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skaldic

Skaldic Poetry of the Scandinavian Middle Ages

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Steinn Óldr 9II

Kari Ellen Gade (ed.) 2009, ‘Steinn Herdísarson, Óláfsdrápa 9’ in Kari Ellen Gade (ed.), Poetry from the Kings’ Sagas 2: From c. 1035 to c. 1300. Skaldic Poetry of the Scandinavian Middle Ages 2. Turnhout: Brepols, pp. 375-6.

Steinn HerdísarsonÓláfsdrápa
8910

Veitk, hvar Óláfr úti
óslækinn rauð mæki
— deilask mér til mála
minni — fyrsta sinni.
Hlaut til hafs fyr útan
Halland konungr branda
— fǫgr sverð ruðu fyrðar —
fjǫlgóðr litat blóði.

Veitk, hvar óslækinn Óláfr rauð mæki úti fyrsta sinni; minni deilask mér til mála. Fjǫlgóðr konungr hlaut branda litat blóði til hafs fyr útan Halland; fyrðar ruðu fǫgr sverð.

I know, where tireless Óláfr reddened the sword at sea for the first time; the memories give me material for tales. The very good king had blades coloured in blood on the ocean off Halland; men reddened fair swords.

Mss: Mork(20r) (Mork)

Readings: [8] litat: lituð Mork

Editions: Skj AI, 411, Skj BI, 380, Skald I, 189; NN §891; Mork 1867, 124, Mork 1928-32, 287, Andersson and Gade 2000, 278-9, 483 (Ólkyrr).

Context: As st. 8 above.

Notes: [2] mæki ‘sword’: Probably a short one- or two-edged sword (see Falk 1914, 14-16). — [4] fyrsta sinni ‘for the first time’: Jesch (2001a, 207) suggests that this and the following st. actually refer to Óláfr’s participation in the battle of the Nissan off the coast of Halland (9 August 1062), which is certainly very plausible. Steinn himself had been present at that battle (see Steinn Úlffl above), and both the verb veitk ‘I know’ (l. 1) (rather than frák ‘I learned’) and the minni ‘memories’ (l. 4) point to a first-hand knowledge of this particular battle. If this was the battle of the Nissan, and if Steinn commemorated Óláfr’s warlike exploits chronologically, it would mean that sts 9-10 (and 11?) should precede st. 1 and that the sts have been misplaced in their present contexts. See also Note to st. 11/8 below. — [6, 7] fyr útan Halland ‘off Halland’: Echoes Steinn Nizv 3/6, 7, which lends credence to Jesch’s suggestion (see Note to l. 4 above). Halland is a district in present-day Sweden (then a part of Denmark). — [8] litat ‘coloured’: Emendation in keeping with NN §891. The n. pl. in the ms. (lituð ‘coloured’) must have been caused by sverð (n. pl.) ‘swords’ (l. 7). Skj B retains the Mork reading and construes fyrðar ruðu branda ‘men reddened blades’ (ll. 6, 7), which creates a highly unnatural w. o.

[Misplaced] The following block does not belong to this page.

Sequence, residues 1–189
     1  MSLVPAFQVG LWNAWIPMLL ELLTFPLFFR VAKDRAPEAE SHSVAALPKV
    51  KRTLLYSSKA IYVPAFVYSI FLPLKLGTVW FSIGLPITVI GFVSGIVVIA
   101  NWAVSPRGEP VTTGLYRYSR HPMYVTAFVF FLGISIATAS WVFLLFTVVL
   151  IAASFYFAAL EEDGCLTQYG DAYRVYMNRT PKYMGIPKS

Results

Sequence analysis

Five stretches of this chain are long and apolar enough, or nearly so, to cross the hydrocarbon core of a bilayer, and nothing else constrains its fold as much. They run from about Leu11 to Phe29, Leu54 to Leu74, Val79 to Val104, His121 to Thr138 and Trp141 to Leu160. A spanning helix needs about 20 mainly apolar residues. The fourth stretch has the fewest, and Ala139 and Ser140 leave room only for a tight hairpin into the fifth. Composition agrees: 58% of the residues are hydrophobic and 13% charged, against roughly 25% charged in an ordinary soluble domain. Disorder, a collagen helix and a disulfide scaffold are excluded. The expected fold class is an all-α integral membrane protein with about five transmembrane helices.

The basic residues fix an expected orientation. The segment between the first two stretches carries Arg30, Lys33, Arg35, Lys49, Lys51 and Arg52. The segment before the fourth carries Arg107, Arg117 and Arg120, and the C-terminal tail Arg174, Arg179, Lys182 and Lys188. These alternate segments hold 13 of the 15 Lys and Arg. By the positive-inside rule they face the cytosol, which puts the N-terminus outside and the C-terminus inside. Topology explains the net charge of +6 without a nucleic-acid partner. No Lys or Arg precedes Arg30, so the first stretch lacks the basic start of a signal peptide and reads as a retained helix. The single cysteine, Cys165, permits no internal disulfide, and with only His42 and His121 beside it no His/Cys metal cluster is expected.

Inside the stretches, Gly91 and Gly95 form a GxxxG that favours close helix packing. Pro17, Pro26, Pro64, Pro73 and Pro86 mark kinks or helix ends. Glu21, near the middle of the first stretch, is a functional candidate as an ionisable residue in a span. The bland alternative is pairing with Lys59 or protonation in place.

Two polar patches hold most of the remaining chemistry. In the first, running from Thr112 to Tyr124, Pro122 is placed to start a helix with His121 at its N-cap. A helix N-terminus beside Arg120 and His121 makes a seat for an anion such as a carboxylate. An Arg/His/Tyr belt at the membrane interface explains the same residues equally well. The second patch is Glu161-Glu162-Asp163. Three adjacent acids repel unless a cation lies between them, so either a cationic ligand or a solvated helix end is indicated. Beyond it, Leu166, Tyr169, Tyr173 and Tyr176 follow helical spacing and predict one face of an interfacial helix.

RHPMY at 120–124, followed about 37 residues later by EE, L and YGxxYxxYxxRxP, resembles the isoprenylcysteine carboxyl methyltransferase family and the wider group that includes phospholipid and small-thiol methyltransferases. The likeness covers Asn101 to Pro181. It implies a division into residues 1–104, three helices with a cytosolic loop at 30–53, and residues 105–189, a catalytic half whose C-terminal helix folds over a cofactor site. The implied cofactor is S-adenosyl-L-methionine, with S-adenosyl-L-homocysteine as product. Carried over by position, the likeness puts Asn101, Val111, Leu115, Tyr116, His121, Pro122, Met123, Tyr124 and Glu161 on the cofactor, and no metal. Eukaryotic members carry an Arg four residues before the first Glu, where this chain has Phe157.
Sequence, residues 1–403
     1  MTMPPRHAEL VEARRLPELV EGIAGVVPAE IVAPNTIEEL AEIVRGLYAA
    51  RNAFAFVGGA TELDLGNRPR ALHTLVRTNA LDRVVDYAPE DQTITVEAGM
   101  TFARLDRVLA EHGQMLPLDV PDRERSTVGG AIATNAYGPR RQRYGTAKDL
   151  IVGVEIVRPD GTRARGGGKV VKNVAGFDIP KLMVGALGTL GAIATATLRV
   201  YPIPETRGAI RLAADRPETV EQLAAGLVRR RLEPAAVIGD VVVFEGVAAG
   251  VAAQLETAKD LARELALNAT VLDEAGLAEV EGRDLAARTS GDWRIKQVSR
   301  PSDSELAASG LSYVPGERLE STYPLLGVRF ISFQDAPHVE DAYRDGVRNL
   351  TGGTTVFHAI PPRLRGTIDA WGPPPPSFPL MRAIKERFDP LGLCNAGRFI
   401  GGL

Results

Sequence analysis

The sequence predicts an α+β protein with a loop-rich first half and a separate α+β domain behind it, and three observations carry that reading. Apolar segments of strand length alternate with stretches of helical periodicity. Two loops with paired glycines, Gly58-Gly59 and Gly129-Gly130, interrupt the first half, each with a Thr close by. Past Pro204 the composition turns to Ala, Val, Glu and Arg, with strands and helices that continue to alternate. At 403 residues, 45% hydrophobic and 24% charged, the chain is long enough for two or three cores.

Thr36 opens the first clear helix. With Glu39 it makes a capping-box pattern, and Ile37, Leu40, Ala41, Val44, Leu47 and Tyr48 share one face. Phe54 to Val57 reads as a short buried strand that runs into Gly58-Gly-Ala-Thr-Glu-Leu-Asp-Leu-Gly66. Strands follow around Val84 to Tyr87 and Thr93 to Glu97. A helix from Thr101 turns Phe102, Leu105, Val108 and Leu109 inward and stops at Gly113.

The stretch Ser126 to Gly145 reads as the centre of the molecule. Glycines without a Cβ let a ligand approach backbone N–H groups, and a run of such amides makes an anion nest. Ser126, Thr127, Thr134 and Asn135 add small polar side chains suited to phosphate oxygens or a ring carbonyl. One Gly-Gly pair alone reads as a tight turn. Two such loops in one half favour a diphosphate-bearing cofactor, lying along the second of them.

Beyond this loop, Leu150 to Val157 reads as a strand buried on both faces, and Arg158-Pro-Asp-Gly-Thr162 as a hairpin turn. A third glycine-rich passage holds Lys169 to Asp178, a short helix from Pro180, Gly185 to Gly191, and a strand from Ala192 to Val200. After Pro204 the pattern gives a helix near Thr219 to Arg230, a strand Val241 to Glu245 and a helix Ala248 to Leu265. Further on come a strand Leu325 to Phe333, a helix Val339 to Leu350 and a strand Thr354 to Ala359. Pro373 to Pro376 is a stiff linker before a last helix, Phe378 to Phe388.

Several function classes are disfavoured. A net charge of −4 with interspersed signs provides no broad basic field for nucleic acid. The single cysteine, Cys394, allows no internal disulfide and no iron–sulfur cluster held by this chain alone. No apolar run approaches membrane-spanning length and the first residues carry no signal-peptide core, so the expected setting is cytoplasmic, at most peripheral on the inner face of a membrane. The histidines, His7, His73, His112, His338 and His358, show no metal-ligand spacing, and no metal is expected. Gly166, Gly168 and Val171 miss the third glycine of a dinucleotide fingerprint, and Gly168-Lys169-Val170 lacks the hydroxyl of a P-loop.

References

  1. Bibliography
  2. Skj B = Finnur Jónsson, ed. 1912-15b. Den norsk-islandske skjaldedigtning. B: Rettet tekst. 2 vols. Copenhagen: Villadsen & Christensen. Rpt. 1973. Copenhagen: Rosenkilde & Bagger.
  3. Skald = Kock, Ernst Albin, ed. 1946-50. Den norsk-isländska skaldediktningen. 2 vols. Lund: Gleerup.
  4. NN = Kock, Ernst Albin. 1923-44. Notationes Norrœnæ: Anteckningar till Edda och skaldediktning. Lunds Universitets årsskrift new ser. 1. 28 vols. Lund: Gleerup.
  5. Andersson, Theodore M. and Kari Ellen Gade, trans. 2000. Morkinskinna: The Earliest Icelandic Chronicle of the Norwegian Kings (1030-1157). Islandica 51. Ithaca and London: Cornell University Press.
  6. Jesch, Judith. 2001a. Ships and Men in the Late Viking Age: The Vocabulary of Runic Inscriptions and Skaldic Verse. Woodbridge: Boydell.
  7. Falk, Hjalmar, ed. 1914a. Sólarljóð. Videnskapsselskapets skrifter II. Hist.-filos. kl. 7. 2 vols. Kristiania (Oslo): Dybwad.
  8. Mork 1928-32 = Finnur Jónsson, ed. 1928-32. Morkinskinna. SUGNL 53. Copenhagen: Jørgensen.
  9. Mork 1867 = Unger, C. R., ed. 1867. Morkinskinna: Pergamentsbog fra første halvdel af det trettende aarhundrede. Indeholdende en af de ældste optegnelser af norske kongesagaer. Oslo: Bentzen.
  10. Internal references
  11. Kari Ellen Gade 2009, ‘(Introduction to) Steinn Herdísarson, Úlfsflokkr’ in Kari Ellen Gade (ed.), Poetry from the Kings’ Sagas 2: From c. 1035 to c. 1300. Skaldic Poetry of the Scandinavian Middle Ages 2. Turnhout: Brepols, pp. 366-7.
  12. Kari Ellen Gade (ed.) 2009, ‘Steinn Herdísarson, Nizarvísur 3’ in Kari Ellen Gade (ed.), Poetry from the Kings’ Sagas 2: From c. 1035 to c. 1300. Skaldic Poetry of the Scandinavian Middle Ages 2. Turnhout: Brepols, p. 362.
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